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WSB Channel 2 Atlanta
More than a dozen metro counties have ‘food swamps.’ This is what that means...
By Linda Stouffer,
You’ve heard of food deserts, but now researchers are looking at a serious issue called “food swamps”— which is where communities are inundated with mostly only unhealthy options for people to eat.
Malcolm Bevel with the Georgia Cancer Center is studying how a food environment plays a role in different health issues, especially in lower-income areas.
“The only difference between a food desert and a food swamp are the types of foods that you have available to you. So, a food swamp is where you live more than one mile from a grocery store, and you have more pro-inflammatory, unhealthy food options,” Bevel said.
Gas stations, liquor stores, and fast food make it more convenient to afford and choose unhealthy food. Bevel and his team broke down their research on a county level.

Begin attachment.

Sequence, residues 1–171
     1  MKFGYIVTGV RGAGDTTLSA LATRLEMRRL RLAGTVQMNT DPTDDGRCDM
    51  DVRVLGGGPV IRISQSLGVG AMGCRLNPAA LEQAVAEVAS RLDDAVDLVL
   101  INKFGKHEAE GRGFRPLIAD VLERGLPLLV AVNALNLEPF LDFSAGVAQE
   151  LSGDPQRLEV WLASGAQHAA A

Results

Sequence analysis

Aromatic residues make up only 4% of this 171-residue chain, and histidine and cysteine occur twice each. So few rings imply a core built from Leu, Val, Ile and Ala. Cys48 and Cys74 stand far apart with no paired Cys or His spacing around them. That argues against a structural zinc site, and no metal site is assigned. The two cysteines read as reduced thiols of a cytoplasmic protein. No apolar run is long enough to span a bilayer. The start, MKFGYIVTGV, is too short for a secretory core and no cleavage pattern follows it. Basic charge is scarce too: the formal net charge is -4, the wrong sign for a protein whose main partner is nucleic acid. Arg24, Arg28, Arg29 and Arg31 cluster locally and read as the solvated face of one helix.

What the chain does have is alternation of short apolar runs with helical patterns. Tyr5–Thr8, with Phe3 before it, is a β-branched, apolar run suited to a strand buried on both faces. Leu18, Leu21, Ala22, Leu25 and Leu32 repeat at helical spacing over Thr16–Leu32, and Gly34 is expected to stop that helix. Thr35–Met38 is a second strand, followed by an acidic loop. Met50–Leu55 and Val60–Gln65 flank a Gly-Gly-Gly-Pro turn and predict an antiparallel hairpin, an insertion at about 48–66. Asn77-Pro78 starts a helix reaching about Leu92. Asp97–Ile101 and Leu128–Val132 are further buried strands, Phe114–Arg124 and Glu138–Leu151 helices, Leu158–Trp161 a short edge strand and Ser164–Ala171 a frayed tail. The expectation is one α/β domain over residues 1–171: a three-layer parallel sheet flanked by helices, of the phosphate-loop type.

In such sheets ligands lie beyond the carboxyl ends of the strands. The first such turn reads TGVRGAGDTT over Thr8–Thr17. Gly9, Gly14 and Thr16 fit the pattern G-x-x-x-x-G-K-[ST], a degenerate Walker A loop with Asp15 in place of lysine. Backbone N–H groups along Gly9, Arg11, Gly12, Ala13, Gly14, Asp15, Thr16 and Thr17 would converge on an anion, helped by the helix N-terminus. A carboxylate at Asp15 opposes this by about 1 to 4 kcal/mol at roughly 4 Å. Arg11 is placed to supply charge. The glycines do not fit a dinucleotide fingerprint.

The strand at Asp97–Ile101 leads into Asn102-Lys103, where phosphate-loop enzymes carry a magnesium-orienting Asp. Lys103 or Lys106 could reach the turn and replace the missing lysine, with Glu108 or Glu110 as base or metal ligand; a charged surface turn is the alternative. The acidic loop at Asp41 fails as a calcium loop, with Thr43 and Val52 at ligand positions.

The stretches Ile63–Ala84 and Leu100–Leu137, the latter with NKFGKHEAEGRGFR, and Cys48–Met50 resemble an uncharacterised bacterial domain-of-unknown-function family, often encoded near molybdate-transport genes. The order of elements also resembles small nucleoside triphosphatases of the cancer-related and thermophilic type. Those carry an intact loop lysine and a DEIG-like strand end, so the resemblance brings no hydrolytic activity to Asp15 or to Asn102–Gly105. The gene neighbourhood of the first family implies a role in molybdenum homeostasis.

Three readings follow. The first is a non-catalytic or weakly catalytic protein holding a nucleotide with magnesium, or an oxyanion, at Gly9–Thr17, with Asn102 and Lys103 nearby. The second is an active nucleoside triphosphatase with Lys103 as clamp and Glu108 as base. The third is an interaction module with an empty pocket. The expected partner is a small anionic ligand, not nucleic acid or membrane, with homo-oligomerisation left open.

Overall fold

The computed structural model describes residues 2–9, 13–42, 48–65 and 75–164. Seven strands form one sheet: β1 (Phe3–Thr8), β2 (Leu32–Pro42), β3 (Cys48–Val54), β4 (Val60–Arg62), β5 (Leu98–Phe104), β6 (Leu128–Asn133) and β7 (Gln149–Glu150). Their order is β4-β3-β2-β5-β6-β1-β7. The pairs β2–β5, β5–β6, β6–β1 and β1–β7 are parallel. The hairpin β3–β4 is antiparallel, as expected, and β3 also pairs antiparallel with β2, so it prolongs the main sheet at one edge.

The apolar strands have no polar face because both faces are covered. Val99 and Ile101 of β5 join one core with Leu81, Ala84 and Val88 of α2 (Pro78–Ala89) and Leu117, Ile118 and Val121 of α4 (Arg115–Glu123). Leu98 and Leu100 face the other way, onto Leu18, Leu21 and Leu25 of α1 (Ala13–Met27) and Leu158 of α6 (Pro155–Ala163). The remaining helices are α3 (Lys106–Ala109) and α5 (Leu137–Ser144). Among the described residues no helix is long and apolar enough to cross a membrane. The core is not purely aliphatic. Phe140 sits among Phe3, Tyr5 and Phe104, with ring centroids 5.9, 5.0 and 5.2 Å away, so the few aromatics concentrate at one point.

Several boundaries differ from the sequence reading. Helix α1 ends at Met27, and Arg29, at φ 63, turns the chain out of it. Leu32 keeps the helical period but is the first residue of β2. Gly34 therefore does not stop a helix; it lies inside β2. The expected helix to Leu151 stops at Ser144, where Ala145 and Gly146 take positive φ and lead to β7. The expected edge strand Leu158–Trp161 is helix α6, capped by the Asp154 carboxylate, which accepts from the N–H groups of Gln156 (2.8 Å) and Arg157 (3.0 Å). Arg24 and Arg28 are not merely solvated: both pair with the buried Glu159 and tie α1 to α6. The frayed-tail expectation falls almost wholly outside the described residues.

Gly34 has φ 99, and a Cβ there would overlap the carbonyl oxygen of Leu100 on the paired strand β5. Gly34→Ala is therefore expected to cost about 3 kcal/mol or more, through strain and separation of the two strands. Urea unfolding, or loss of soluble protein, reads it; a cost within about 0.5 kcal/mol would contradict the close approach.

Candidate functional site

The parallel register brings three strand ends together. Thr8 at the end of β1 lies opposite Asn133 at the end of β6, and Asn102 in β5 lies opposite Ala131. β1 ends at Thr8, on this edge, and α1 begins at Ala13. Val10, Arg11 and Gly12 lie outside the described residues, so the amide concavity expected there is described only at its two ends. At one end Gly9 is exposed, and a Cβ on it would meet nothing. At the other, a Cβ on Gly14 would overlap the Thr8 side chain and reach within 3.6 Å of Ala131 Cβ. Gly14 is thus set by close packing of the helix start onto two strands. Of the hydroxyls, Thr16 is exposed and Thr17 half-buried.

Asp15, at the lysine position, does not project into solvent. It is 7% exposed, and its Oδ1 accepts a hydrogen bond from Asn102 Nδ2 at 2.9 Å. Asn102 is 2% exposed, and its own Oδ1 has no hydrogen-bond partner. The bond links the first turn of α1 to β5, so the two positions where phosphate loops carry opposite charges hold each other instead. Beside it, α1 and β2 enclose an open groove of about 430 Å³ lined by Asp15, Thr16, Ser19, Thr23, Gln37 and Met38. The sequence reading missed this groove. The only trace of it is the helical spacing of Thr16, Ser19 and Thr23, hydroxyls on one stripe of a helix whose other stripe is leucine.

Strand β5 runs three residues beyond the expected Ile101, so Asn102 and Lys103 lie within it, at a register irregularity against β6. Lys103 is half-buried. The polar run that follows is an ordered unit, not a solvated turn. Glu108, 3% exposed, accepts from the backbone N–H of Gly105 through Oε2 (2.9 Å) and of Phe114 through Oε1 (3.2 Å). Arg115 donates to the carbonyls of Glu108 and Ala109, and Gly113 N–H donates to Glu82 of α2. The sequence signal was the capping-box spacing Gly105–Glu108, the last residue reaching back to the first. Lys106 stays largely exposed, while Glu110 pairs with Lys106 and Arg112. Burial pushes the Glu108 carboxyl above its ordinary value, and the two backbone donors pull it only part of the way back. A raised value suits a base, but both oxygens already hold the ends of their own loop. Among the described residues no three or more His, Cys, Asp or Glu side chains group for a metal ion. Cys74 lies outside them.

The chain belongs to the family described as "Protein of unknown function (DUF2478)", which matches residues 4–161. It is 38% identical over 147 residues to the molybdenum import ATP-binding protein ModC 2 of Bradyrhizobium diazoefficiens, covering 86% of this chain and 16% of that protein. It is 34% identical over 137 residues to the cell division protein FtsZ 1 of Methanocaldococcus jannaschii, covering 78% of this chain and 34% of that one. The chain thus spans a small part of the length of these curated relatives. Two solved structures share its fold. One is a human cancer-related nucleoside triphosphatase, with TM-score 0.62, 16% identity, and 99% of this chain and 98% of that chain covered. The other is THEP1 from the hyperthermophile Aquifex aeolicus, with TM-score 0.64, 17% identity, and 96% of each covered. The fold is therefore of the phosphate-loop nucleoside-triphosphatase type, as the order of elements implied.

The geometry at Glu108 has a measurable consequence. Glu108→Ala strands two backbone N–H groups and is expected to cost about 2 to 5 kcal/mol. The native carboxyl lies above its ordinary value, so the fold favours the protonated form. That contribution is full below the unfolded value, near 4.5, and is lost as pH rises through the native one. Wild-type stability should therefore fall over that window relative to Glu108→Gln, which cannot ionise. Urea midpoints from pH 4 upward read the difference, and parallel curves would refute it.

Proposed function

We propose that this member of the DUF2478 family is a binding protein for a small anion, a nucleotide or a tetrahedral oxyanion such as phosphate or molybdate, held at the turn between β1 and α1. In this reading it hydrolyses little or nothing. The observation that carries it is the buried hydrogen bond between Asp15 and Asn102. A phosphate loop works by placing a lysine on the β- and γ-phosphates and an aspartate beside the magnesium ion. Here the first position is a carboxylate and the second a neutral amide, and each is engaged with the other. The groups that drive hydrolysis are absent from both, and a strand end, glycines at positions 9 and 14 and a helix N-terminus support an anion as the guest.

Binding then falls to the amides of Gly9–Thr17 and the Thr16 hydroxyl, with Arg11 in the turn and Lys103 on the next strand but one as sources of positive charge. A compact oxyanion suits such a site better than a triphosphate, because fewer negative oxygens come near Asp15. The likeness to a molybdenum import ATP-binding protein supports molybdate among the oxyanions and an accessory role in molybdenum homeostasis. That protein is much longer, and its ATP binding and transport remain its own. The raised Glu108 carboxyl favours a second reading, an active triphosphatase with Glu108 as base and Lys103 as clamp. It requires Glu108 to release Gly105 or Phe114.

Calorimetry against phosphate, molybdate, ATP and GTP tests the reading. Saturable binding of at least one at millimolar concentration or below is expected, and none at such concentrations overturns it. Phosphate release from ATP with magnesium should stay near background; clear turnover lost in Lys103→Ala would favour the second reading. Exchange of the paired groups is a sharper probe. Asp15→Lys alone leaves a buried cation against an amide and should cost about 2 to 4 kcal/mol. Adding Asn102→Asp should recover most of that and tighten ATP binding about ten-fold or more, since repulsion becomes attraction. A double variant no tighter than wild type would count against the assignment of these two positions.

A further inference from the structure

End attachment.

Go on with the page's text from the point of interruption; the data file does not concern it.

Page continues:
“If you’re residing in these counties that have bad food swamp environments or they scored higher on our system -- on our scoring system, you had a 77% increase, odds of having higher obesity, cancer mortality,” Bevel said.
A dozen counties across metro Atlanta have been flagged as being among the worst for food swamps. The rest of North Georgia still scored on the high end, above the 50th percentile.
Douglas County is one of a dozen local counties considered trouble spots. Bevel’s research echoes that of another study done on the neighborhood level by the American Cancer Society.